Always remember, dear reader, that one foodie’s weird is another foodie’s wonderful.
Let us begin with perhaps the most obvious flavor of all: Marmite. So polarizing is the sharp saltiness of Marmite’s assault on the senses that even the brand’s own advertising slogan admits, “You either love it or hate it.” Marmite is a yeast extract spread, a by-product of the beer brewing process, and is eaten on toast or bread with some butter. In a sandwich, it pairs pretty well with cucumber, which neutralizes Marmite’s zing. Newcomers should spread lightly, for Marmite is at once pungent, penetrating and powerful, like if soy sauce and A-1 had a bastard child and fed it nothing but wasabi.
Prawn cocktail flavored chips
Chips (or crisps as they’re known in Blighty) are the most commonly eaten snack in the U.K. with Brits consuming around six billion packets per year. There are literally hundreds of exotic flavors to choose from (pickled onion, flame grilled steak, roast beef, to name a few), but prawn cocktail seems to be the seasoning that our American friends find the quaintest.
A crisp sandwich (colloquially known as a crisp butty) is when you sprinkle some of your eccentrically flavored crisps between two slices of bread and chow down. In fact, most Brits think nothing of making a sandwich out of anything that happens to be lying around the kitchen: banana sandwiches, ketchup sandwiches, salad cream sandwiches, cheese and jam sandwiches, cucumber sandwiches… all you need is some bread and a dream.
Kedgeree is an Indian-influenced buttery rice dish made with flaked fish, hard-boiled egg, parsley, and curry powder. When I was a boy, my mother would occasionally serve it up for dinner. I hated it. I hated it so much, in fact, that it led me to the discovery that if I held my nose while chewing I couldn’t taste its foulness. But as a Brit, I’m in the minority because kedgeree is a national dish on a par with toad in the hole and bangers and mash. I was unaware until recently that kedgeree is traditionally a breakfast dish. An American friend had seen it on a brunch menu during a business trip to London and decided to give it a whirl. “Big mistake” was his two-word review.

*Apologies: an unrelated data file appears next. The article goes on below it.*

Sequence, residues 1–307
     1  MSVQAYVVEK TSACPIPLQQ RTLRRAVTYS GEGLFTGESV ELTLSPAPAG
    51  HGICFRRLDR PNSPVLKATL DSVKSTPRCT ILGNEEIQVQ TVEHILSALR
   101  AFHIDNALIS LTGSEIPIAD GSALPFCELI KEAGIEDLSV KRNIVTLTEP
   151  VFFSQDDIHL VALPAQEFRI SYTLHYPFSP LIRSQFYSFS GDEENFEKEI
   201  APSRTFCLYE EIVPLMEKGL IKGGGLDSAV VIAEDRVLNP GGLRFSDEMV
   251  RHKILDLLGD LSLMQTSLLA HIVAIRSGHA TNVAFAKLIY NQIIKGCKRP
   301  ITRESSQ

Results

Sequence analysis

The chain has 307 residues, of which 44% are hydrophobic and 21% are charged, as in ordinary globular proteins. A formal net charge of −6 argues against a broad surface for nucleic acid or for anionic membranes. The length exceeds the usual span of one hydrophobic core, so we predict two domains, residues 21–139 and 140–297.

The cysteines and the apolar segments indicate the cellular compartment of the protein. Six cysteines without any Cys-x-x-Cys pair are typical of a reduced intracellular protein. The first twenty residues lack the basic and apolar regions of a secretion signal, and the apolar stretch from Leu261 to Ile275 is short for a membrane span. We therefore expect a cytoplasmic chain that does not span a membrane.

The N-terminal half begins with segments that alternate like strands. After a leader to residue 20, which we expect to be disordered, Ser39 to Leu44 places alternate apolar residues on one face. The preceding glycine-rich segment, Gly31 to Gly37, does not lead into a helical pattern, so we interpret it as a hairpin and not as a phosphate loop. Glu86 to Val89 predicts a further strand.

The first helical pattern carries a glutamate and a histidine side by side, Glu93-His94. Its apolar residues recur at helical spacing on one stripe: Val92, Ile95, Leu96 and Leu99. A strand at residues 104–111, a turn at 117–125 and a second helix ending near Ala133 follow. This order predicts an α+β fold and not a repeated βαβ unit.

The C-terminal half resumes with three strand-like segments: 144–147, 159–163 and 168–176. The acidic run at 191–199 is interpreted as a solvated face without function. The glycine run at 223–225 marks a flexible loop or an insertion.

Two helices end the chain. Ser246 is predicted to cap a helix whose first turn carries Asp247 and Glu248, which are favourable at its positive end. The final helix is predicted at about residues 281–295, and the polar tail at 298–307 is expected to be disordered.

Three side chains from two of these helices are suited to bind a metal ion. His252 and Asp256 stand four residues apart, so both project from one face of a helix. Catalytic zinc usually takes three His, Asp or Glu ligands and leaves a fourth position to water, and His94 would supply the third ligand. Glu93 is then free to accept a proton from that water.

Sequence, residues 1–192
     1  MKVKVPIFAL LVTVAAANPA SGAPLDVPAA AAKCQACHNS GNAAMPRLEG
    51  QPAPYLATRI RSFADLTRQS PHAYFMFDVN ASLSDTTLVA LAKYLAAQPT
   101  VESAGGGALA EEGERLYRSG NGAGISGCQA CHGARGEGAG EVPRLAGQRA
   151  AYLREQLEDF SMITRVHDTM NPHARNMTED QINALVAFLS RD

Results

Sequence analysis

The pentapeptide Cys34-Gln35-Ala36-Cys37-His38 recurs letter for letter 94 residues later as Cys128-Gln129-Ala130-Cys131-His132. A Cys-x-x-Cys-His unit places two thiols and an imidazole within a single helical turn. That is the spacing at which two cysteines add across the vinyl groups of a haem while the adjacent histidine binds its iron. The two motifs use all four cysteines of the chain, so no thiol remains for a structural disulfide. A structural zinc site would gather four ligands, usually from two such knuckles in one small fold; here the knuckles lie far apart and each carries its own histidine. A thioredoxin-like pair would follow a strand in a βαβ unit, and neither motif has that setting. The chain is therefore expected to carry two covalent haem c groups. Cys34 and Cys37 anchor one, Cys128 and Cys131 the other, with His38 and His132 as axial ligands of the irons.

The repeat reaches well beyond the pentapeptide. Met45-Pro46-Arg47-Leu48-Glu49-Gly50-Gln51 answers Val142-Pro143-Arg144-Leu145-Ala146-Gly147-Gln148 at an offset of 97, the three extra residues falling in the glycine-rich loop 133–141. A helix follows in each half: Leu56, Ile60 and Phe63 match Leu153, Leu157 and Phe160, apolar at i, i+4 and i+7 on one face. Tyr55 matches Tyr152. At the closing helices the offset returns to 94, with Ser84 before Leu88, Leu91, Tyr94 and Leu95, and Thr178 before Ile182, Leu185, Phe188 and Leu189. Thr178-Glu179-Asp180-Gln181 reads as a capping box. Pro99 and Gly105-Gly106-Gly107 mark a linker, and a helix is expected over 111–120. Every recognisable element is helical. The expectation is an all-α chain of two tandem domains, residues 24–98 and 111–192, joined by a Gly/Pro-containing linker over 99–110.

Fry’s Turkish Delight
Imagine sipping on a bottle of cheap perfume while nibbling on chocolate, and you’re somewhere close to what a bar of Fry’s Turkish Delight tastes like. This sweet is celebrating its 100th anniversary this year, so they must be doing something right.
Such is the remarkable popularity of Irn-Bru in its native Scotland that it outsells both Coca-Cola and Pepsi. In the 1980s, the drink’s tagline was “Made in Scotland from girders.” If that isn’t enough to put you off, then perhaps its luminous orange color will be. The taste? It’s sort of citrusy with a hint of ginger that leaves a long lingering finish; the kind that’s only weird if you didn’t grow up with it.
Chips and curry sauce
And by “chips,” I mean fries, and by “curry sauce,” I mean yummy. This dish is a staple of British fish and chip shops and is particularly satisfying as a late-night, post-pub snack. Don’t knock it till you’ve tried it, for this sweet and spicy condiment complements perfectly the savory fries.
Chips and vinegar
While we’re on the subject of chips, we must of course address the fact that Brits douse their fries in vinegar. Americans find this little corner of the British palate frightfully foreign.
This alcoholic drink has certainly got a kick to it. It’s one part beer, one part cider and an optional splash of blackcurrant cordial. Because it’s cheap to make and quick to intoxicate, Snakebite is particularly popular amongst students, and it’s actually rather refreshing on a hot summer’s day. If you like beer and you like cider, then you can’t really go wrong (unless you drink 18 pints).
Earl Grey tea
In the opening line of Sting’s 1987 hit “Englishman in New York,” the former Police front man croons, “I don’t drink coffee, I take tea my dear.” And although Mr. Sumner doesn’t mention specifically what type of tea, he is surely a fellow of refined taste, one with a penchant for the floral notes and bergamot aroma of Earl Grey. This flavoring is perhaps a little too distinctive for Americans, who generally prefer their tea sweet.
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